SEMINOLE, Fla. — At 4:30 on a Friday afternoon, long after most students at Osceola Middle School have gone home, principal Robert Jackson notices a girl waiting in the main office.
"What's the matter, Brenda?" he asks.
Nothing, she replies. But, she wonders, could she have permission to stay in the office until her mother picks her up at 5?
"It's OK to wait if you'll answer the phones for me," Jackson tells her. She agrees, and he returns to the business at hand.
The interruption illustrates a subject much on Jackson's mind these days: What to do with the growing number of students who have no supervision after school.
Too old for baby-sitters, too young for part-time jobs, 6th- to 8th-graders with working parents often find themselves with limited and unsatisfactory options. Some go home to an empty house. Others "hang out" with friends. Still others, like Brenda, must wait at school.
As the ranks of working parents grow, middle-school administrators across the country face similar challenges. Most after-school care serves only elementary students. And many parents believe that once children reach middle school, they are mature enough to be left alone.
"Just because 11-year-olds are in a middle school doesn't mean they don't need the same protection they did when 6th grade was still part of elementary school," he says. Sixth-graders, he adds, make up one-third of the 875 students in this sprawling, tan brick and stucco building.
No nationwide statistics exist on how many middle-school students are considered latchkey children. But in February, when Jackson asked parents in this middle-class community to complete a survey that began with the question, "What does your child currently do before or after school?" more than half the respondents indicated students are either alone or in the company of siblings. Some 40 students expressed interest in school-based activities before and after school.
Jackson is now putting the finishing touches on a program that will run from 7:15 to 8:15 a.m. and from 3:45 to 5 p.m. For $6 a week or $17 a month, participants may choose activities such as team sports, creative arts, music, outdoor education, swimming and field trips. The program will be run by the YMCA.
"Kids want to get off that bench in front of the school and do something," Jackson says.
Already some are doing just that. Recently, Osceola Middle School joined seven other area middle schools in offering an "after-school adventure" called the In Crowd. Modeled after a program developed by the YWCA in Atlanta, the In Crowd brings together 30 students and two trained adult facilitators for snacks and discussions of topics such as current music, dating behavior, drugs and alcohol, teen stress and discrimination.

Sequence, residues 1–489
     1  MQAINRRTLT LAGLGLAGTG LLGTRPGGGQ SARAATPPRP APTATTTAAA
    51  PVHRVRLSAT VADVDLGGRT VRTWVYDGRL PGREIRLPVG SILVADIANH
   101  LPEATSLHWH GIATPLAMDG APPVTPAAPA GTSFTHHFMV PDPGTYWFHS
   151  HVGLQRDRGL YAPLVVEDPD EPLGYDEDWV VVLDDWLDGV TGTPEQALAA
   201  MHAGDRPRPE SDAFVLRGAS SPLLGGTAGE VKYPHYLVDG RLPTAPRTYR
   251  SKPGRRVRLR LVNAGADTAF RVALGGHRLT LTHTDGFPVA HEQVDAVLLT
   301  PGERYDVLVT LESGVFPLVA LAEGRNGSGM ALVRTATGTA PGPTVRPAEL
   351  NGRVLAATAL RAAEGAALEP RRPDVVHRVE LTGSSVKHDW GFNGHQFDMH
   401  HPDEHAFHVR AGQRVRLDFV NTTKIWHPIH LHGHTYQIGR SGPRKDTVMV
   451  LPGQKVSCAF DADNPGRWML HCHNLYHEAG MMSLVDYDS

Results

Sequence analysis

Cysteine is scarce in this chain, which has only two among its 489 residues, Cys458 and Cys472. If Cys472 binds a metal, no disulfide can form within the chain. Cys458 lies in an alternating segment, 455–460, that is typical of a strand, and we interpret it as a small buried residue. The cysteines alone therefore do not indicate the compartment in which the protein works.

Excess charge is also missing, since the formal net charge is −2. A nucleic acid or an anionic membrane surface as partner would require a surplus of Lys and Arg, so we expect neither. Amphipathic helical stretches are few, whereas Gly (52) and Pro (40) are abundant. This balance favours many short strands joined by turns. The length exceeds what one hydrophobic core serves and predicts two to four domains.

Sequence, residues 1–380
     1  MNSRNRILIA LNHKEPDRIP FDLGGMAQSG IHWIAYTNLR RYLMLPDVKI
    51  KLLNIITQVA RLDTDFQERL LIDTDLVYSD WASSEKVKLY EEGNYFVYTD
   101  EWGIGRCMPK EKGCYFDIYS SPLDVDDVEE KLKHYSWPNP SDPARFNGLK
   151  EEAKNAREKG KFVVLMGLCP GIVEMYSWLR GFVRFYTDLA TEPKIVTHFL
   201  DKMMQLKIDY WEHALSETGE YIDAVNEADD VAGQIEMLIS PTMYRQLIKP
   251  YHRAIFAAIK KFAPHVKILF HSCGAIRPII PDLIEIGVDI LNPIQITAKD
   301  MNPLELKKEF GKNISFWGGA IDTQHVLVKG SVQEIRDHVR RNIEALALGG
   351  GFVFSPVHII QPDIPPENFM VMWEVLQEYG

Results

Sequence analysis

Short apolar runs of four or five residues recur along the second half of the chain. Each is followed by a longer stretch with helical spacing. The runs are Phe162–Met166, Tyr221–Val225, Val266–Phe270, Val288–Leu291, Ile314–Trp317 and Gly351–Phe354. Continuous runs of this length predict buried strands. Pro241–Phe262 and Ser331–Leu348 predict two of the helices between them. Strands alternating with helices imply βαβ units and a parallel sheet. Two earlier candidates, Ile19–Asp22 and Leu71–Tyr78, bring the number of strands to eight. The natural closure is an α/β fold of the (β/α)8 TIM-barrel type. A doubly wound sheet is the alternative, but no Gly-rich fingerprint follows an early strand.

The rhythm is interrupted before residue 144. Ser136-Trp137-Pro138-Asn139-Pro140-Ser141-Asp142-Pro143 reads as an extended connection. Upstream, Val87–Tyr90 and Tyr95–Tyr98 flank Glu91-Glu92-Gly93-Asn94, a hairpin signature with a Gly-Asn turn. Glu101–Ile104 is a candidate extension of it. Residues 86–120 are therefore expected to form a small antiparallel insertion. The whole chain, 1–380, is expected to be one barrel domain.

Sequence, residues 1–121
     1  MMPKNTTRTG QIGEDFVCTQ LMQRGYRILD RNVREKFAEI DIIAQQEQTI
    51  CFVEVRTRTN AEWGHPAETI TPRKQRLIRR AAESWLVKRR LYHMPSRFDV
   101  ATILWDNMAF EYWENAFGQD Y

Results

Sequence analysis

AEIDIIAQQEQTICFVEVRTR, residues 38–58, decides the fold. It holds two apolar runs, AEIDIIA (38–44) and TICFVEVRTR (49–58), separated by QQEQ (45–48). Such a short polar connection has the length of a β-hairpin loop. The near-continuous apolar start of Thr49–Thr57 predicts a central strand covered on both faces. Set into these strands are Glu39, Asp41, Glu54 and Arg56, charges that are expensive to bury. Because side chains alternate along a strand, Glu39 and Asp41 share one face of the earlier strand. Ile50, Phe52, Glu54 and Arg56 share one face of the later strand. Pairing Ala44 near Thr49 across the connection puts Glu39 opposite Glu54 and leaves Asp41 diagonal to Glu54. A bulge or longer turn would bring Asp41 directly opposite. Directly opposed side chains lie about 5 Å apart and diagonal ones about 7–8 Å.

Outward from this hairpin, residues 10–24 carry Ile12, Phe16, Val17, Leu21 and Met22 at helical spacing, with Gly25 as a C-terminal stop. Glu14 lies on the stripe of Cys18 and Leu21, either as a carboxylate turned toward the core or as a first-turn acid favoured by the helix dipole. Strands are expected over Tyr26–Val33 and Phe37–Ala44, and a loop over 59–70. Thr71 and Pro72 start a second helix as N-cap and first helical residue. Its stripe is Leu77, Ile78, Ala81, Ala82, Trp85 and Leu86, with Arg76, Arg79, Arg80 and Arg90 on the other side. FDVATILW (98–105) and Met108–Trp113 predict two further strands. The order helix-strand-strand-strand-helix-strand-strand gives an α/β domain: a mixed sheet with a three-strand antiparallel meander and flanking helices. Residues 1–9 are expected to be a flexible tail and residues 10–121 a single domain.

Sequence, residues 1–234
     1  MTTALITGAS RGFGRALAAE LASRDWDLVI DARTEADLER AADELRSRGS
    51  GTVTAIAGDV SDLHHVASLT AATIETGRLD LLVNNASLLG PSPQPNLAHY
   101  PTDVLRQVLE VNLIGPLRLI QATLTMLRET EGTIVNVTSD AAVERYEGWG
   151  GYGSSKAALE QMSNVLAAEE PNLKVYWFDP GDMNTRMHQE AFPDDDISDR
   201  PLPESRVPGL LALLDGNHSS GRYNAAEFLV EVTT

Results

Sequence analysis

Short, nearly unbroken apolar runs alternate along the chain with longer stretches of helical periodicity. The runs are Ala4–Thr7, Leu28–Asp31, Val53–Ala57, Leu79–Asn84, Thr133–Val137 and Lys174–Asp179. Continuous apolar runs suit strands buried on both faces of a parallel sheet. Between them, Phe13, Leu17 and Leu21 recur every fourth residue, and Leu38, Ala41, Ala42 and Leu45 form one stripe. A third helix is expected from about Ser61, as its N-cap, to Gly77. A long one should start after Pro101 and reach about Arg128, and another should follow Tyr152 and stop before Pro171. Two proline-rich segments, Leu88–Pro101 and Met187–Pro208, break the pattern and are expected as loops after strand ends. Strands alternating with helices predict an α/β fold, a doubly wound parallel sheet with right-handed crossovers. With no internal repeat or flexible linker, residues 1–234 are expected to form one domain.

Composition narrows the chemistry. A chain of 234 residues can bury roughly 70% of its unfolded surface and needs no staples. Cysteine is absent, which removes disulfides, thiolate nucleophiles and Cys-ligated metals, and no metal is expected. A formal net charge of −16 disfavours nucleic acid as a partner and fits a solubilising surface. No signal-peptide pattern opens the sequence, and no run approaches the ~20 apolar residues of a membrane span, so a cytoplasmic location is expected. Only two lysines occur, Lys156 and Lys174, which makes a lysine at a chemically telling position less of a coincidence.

"They don't mean 'discrimination' in the way adults might think of it," says Marte Toohill, program director at the Clearwater YWCA, which sponsors the project. "It's discrimination between different types of music, skateboarders and non-skateboarders, and people who dress differently."
Toohill says the program grew out of a youth forum sponsored by the United Way. "Students said they would like to have a place where they could meet their friends after school, along with an adult who would listen to them and give them information they didn't feel comfortable asking their parents or teachers about."
Tom Warren, a facilitator for In Crowd sessions since the program began March 1, says, "Kids tell us they love to come to this group. I think a lot of their positive response is because they have a place to go on an afternoon when they would otherwise not have anything to do."
Recently, parents of students registered for In Crowd programs gathered at Clearwater YWCA for a meeting of their own.
"We found out parents don't know what to do with kids when they get to middle school," Toohill says. "They're so afraid of hurting the child's feelings, or of having the child say they're not going to love them anymore. They need to know it's all right not to always agree with your child. It's OK for parents to say 'no.' "
All these efforts and programs, Toohill emphasizes, are important in guiding middle-school students through the often choppy waters of early adolescence.
"Middle-school students are the most neglected group," she says, despite the fact that their needs are great.
"Their bodies are changing. Their minds are changing. They're trying to find a niche for themselves. They need to be listened to. They need programs and support and understanding."